Academic journal article China Perspectives

The Transmission and Practice of Chinese Medicine: An Overview and Outlook

Academic journal article China Perspectives

The Transmission and Practice of Chinese Medicine: An Overview and Outlook

Article excerpt

(ProQuest: ... denotes non-US-ASCII text omitted.)

The identity, specificity and status of Chinese medicine in China

Chinese medicine is made up of a set of theories and practices de- veloped in China over a long period of time, the oldest sources hav- ing been written more than two thousand years ago. It spread ini- tially over the whole of East Asia, and more recently to the West. Backed up by a vast literary corpus and resting on its own paradigmatic construc- tion, it gradually established itself as a genuine medical system including, in particular, its own representation of the body and universe, distinctive conceptions of physiology, aetiology, and pathology, and a therapeutic ar- senal, nosography, and diagnostic methods of a complex and elaborate na- ture. (1) It should also be noted that it presents two specific features that set it apart from both a historical and anthropological point of view. The first is the remarkable epistemological continuity of its theoretical founda- tions, which has been maintained for centuries, at least until the recent past. Admittedly, there have been additions and amendments, but it has certainly not been subject to such fundamental transformations as the sci- entific revolutions that have marked the history of Western medicine since the beginning of the nineteenth century. The second unique feature of the Chinese medicine system is that it not only continues to be practised and recognised at an institutional level in China and a number of other Asian countries, but has also been adopted, either in its entirety or partially, in a number of countries that are both geographically and culturally far re- moved from China. The exportable aspect of Chinese medicine means it has a number of points in common with contemporary Western medicine, although for different reasons and in different proportions that are inter- esting to note. The identity of this medical system, and the way it spreads and adapts to different public health systems, constitute a study model and pose a number of questions that come under disciplines as diverse as history, anthropology, economics, politics, and health law. The aim of this article is to look into several aspects of the issues raised by its spread and its practice, both in China and in the West, including through its relation- ship with Western medicine.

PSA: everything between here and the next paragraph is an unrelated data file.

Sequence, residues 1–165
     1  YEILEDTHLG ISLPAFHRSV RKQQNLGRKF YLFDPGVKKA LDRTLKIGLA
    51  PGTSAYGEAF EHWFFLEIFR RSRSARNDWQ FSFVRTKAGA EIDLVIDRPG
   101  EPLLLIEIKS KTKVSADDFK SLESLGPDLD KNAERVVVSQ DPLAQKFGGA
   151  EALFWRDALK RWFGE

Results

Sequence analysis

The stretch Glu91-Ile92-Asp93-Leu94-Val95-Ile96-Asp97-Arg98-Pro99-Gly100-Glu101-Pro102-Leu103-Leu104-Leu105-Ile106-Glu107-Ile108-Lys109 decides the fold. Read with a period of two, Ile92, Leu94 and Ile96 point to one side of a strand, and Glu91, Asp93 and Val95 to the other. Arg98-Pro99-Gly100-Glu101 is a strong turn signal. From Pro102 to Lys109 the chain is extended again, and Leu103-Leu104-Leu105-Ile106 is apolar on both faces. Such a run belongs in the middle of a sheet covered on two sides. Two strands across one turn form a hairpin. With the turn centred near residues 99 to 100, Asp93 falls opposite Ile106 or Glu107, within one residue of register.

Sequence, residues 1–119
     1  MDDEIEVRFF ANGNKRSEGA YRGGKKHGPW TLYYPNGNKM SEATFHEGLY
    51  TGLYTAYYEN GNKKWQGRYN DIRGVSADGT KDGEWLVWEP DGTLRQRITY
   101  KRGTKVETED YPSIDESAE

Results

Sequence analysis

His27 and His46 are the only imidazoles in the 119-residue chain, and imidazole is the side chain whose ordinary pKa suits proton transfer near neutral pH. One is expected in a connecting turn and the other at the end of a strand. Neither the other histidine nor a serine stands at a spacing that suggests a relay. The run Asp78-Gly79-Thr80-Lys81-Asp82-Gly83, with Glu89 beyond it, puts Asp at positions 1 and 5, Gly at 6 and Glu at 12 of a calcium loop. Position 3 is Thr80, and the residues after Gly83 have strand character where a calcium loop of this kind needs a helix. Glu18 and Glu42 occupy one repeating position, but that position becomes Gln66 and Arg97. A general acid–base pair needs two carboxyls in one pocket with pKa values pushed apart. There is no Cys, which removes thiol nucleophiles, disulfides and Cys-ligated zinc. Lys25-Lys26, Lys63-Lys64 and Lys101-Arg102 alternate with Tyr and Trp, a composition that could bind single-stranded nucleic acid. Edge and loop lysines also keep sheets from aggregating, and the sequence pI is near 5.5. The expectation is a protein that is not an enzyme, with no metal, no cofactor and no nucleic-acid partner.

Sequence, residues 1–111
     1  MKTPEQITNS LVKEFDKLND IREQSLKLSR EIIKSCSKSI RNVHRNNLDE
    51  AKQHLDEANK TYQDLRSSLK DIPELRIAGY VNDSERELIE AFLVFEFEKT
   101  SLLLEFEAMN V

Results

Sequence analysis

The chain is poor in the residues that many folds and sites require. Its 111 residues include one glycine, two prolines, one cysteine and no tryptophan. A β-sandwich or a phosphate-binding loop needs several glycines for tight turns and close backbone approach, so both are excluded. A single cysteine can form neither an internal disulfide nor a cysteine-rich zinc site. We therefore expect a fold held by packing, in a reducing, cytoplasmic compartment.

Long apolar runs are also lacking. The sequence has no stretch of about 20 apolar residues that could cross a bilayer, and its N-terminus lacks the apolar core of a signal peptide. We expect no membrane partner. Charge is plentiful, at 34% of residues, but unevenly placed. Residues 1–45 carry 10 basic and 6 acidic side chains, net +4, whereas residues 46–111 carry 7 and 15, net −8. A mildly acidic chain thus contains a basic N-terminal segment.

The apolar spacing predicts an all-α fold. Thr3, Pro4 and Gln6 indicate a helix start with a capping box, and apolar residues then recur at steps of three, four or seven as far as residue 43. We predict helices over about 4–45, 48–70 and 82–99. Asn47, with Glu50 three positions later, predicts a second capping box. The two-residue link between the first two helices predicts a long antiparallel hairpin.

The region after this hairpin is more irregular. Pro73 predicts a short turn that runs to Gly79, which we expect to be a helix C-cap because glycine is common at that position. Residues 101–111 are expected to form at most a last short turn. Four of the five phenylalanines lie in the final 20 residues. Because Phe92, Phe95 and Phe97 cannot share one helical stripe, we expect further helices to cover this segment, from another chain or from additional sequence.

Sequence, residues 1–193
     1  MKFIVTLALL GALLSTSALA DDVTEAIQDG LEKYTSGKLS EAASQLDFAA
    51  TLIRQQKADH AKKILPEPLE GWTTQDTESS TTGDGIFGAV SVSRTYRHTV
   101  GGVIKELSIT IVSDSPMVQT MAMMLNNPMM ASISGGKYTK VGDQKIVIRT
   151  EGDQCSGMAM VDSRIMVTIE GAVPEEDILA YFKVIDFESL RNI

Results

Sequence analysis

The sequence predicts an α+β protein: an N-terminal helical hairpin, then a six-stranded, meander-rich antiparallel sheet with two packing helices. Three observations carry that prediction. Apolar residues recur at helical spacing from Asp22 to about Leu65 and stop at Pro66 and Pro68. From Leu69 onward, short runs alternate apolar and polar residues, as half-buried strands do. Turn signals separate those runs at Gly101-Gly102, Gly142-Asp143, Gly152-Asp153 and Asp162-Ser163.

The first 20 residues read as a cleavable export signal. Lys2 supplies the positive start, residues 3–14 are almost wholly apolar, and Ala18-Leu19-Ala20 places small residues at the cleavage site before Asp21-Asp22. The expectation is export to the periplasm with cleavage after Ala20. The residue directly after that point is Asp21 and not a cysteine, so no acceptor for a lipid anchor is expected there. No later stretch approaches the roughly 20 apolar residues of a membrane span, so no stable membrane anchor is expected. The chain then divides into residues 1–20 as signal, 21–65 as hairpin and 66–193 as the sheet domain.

The specific identity of Chinese medicine is a complex question in itself. Should all medicines practised in China be labelled as such? Even if we set aside contemporary biomedicine, which is now commonly practised in China as in all industrialised countries, and is basically applied there in much the same way as in the West, it is necessary to distinguish between several traditional systems used in China. On the one hand, there are "un- official" popular healing practices based on divination ( ... - suanming), witchcraft (... - wushu), and religious beliefs (prayers, rites, and spiritual exercises). These disparate practices can be likened to others that continue to exist in all societies. Of the "official" traditional medicine systems in China, i.e., systems supported by a hospital infrastructure and state-con- trolled education, it is still necessary to make the distinction between those connected with the non-Han minorities that are established in var- ious ways on the political landscape today and can be qualified as ethnic (... - minzu yixue),(2)and Chinese medicine (... - zhongyi) in the strict sense of the term.

It should be noted that zhongyiis a contemporary term and refers indis- criminately to learned medicine that was developed over the whole course of the Imperial period as well as to contemporary Chinese medicine, which today has official status, and not to Western medicine (... - xiyi). When they started to translate manuals into English in the 1950s, the Chinese decided to translate zhongyias "Traditional Chinese Medicine," the obvious intention being, according to Volker Scheid,(3) to generate a certain percep- tion of Chinese medicine in the West. …

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